Motivational Interviewing (MI) is a brief treatment approach for helping patients develop intrinsic motivation to change addictive behaviors. While initially developed to target primary substance using populations, professionals are increasingly recognizing the promise this approach has for addressing the motivational dilemmas faced by patients who have co-occurring psychiatric and psychoactive substance use disorders. Unfortunately, this recognition has not lead to a clear explication of how MI might be adopted for specific diagnostic populations of dually diagnosed patients. In this article we describe how we have applied the principles and practices of MI to patients who have psychotic disorders and co-occurring drug or alcohol use problems. Specifically, we provide two supplemental guidelines to augment basic MI principles (adopting an integrated dual diagnosis approach, accommodating cognitive impairments and disordered thinking). We present recommended modifications to primary MI skill sets (simplifying open-ended questions, refining reflective listening skills, heightening emphasis on affirmations, integrating psychiatric issues into personalized feedback and decisional balance matrices). Finally, we highlight other clinical considerations (handling psychotic exacerbation and crisis events, recommended professional qualifications) when using MI with psychotic disordered dually diagnosed patients.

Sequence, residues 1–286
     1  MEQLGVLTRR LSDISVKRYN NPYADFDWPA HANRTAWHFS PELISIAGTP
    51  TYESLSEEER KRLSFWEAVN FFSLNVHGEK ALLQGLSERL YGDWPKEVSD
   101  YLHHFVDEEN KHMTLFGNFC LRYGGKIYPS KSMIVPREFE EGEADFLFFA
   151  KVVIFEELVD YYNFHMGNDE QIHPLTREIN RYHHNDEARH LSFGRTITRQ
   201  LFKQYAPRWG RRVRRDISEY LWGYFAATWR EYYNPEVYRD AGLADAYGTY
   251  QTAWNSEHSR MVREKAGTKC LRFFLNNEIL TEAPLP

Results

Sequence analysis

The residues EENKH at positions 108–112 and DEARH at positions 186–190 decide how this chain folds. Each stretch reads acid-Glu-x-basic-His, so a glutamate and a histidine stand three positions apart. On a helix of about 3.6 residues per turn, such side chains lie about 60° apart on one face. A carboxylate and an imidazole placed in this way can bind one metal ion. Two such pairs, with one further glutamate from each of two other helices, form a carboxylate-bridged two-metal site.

Motivational interviewing; Dually diagnosed; Substance abuse; Psychotic disorder; Treatment engagement